Guard petals, what are they and why are they controversial?

Guard petals, what are they and why are they controversial?

Within the flower world there are a few competing theories for what is beauty, gosh, that could be the opening line for a very long philosophical debate to which there would be no one answer.  The truth is there is no one answer when it comes to guard petals either, but I wanted to share the Erica Berry Flowers position on the subject and to explain why.

Guard petals on a Sweet Avalanche Rose classically have a green or even redy pink tinge to them.

Firstly then, what is a guard petal? You many have noticed that the petals around the outside of your roses are sometimes slightly smaller and ruffled, often with tinges of different colours than the main rose itself, these are what we call ‘guard petals’.  Flowers have them for a reason, and as the name suggests it’s to guard the bud as the flower is developing and opening.  You can also see them clearly on other flowers such as Amaryllis and Nerines.

Guard petals seen clearly protecting the friable Amaryllis buds.

As the flowers open the guard petals shrivel.

The guard petals become barely visible.


Erica told me an anecdote of when she had Berries florist in Skipton (many moons ago…..sorry Erica!) and when they stocked Amaryllis before they became the popular flower we are so familiar with today.  Apparently, she delivered a bouquet to a regular customer, who on receiving the flowers actually got quite cross with Erica, claiming that they weren’t fresh and almost handing them back, but Erica was able to explain about the guard petals and that they were an integral part of the flower and why they are needed.

Amaryllis, in particular have quite obvious guard petals, those fine thin ‘extra’ petals that almost cup the group of flower heads on the thick stem.  As the buds develop and open into their magnificent flowers these guard petals shrivel up quickly to barely nothing and are hidden behind the blooms.  The same is the case with Nerines, but on a smaller scale as the whole flower is a more petite version of the big and showy Amaryllis.

We choose, on the whole, to leave the guard petals on our roses and definitely on the amayllis, as the buds are quite easy to knock and the guard petals hold them together.  With roses, these guardians protect the bud, and as with other flowers, as rose opens the guard petals become hidden from view.   Some people/florists are not fans of the look of the rose with the guard petals, claiming it makes them look ‘messy’ or that the colour variation detracts from the flower.  We prefer this look however for the majority of our work as it favours the more natural state of the flower and the gives it more interest both in it’s form and colour.  Of course, there are exceptions and when we’re working to create, for example, very formal designs for an elegant wedding, we may choose to remove them, as opposed to a more relaxed romantic country style, when they would more than likely be part of the design.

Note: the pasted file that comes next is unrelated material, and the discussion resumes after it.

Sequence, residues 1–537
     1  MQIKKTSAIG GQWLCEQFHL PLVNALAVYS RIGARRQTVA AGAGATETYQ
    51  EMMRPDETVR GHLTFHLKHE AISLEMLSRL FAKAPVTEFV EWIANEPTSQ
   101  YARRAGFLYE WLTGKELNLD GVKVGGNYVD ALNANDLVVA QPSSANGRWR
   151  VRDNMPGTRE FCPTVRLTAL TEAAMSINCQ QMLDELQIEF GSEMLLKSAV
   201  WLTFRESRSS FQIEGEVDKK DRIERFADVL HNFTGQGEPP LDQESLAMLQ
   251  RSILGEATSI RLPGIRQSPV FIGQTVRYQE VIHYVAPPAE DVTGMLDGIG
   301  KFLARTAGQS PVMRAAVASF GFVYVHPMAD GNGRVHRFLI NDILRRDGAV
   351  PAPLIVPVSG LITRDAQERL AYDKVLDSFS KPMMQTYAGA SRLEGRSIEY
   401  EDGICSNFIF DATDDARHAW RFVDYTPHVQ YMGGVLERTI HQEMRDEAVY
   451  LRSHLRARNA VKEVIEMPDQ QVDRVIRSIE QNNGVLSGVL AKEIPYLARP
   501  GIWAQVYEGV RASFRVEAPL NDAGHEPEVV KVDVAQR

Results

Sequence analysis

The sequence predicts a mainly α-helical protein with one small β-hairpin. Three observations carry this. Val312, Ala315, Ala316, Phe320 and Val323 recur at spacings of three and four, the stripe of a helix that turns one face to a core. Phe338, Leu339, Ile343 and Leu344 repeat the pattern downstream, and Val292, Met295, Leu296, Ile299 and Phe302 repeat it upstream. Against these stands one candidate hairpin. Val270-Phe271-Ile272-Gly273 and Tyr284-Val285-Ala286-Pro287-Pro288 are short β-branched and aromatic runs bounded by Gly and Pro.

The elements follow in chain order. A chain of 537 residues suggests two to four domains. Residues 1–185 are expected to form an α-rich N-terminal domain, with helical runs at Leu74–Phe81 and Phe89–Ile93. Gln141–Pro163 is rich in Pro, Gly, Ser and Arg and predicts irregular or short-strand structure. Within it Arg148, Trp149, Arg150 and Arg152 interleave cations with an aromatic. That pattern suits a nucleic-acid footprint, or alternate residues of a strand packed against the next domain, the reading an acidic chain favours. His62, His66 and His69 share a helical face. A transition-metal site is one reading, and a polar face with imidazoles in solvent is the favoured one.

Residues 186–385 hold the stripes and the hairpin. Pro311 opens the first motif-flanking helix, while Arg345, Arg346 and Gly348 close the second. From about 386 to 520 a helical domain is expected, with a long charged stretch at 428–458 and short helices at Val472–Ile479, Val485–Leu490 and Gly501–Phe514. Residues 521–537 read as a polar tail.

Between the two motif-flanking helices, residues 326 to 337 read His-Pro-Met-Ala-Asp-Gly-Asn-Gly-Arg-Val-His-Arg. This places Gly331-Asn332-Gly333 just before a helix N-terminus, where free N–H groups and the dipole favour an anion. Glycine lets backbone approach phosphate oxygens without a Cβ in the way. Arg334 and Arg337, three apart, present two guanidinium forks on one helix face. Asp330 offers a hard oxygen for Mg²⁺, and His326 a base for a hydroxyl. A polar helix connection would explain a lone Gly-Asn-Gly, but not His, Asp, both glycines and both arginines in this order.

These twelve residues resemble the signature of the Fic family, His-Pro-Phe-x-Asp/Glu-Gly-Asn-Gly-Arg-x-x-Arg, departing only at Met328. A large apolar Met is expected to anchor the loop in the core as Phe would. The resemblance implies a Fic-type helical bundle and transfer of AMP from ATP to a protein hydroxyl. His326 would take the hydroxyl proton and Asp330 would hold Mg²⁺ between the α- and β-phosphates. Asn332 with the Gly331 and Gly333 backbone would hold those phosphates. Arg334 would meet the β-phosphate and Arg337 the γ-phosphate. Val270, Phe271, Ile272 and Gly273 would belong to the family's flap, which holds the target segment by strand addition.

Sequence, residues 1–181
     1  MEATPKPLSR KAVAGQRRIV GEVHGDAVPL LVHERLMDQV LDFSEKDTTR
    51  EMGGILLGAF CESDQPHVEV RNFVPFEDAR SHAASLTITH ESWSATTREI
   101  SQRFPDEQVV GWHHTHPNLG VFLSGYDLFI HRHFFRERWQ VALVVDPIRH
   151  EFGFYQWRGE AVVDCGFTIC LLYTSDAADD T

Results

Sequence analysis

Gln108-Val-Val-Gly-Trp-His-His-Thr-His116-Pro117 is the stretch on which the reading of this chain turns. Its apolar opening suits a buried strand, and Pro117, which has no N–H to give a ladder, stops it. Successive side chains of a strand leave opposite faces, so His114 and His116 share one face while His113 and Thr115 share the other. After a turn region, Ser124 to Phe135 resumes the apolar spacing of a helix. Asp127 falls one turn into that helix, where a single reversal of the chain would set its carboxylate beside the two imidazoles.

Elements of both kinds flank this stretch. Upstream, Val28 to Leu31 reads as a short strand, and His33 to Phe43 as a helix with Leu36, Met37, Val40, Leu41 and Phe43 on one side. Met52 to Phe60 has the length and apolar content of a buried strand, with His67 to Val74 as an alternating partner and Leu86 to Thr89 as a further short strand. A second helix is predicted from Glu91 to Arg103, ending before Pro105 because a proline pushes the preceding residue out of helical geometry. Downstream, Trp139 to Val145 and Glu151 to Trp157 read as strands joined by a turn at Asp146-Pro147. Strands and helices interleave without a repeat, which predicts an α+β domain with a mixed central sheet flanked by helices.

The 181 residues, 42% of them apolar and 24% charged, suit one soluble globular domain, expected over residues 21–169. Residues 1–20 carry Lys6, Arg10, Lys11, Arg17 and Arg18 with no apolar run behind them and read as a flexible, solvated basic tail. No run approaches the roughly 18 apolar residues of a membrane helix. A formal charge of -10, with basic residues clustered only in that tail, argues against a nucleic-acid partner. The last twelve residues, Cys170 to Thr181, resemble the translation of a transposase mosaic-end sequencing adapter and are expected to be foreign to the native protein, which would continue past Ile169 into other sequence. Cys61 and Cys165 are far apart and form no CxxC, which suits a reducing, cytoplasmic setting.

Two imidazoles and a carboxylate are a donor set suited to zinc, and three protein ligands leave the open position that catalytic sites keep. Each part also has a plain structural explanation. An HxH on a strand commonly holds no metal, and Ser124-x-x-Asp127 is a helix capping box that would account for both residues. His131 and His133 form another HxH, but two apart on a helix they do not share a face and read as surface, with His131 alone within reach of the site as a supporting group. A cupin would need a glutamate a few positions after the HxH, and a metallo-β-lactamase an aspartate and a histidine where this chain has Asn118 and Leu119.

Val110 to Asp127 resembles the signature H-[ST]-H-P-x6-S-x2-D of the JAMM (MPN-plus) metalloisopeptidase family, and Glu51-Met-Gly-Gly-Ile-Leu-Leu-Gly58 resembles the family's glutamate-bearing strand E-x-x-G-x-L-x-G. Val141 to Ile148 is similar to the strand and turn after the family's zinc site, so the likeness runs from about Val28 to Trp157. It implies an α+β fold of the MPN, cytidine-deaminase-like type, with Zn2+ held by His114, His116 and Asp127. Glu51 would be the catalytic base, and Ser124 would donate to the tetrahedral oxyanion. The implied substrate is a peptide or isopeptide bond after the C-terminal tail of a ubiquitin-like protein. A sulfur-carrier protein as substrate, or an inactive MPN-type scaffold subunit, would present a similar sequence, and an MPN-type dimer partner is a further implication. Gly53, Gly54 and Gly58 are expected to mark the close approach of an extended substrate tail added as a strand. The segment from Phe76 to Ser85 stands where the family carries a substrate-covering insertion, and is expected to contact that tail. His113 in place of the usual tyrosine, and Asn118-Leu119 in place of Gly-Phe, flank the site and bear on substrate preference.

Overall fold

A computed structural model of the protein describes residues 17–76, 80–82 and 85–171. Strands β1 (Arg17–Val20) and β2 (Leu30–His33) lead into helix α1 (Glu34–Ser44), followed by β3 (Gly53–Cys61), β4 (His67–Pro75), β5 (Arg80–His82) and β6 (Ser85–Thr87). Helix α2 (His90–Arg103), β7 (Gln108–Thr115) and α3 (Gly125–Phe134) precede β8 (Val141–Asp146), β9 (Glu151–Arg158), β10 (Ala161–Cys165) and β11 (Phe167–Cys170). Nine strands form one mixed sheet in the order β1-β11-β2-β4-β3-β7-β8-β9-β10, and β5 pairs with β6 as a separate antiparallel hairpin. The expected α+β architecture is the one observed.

An ‘Atomic’ Rose with it’s guard petals creating interesting shapes and colour variations..


I went to a floristry demonstration earlier in the year and the florist who was making the displays, removed every guard petal from each flower, regardless of the design, and made a point of doing so.  After looking at what had been created, I concluded that I would have preferred some variation and a little more character within the displays and noted that, for me, what was missing was the guard petals.  The flowers had all been made a bit too regimented in their forms for me, and while still incredibly gorgeous, part of the beauty of this world is the magic of natures individuality, even within the same species, and I’m glad Erica’s one of the florists who also celebrates this view.

So there you are, that’s guard petals and why we like them.  If you ever receive flowers that you wonder about their form, please do ask us as we’re very happy to explain and point out their individual anatomy and why we have left them in their natural state for you.

An ‘Atomic’ Rose within an autumnal bouquet.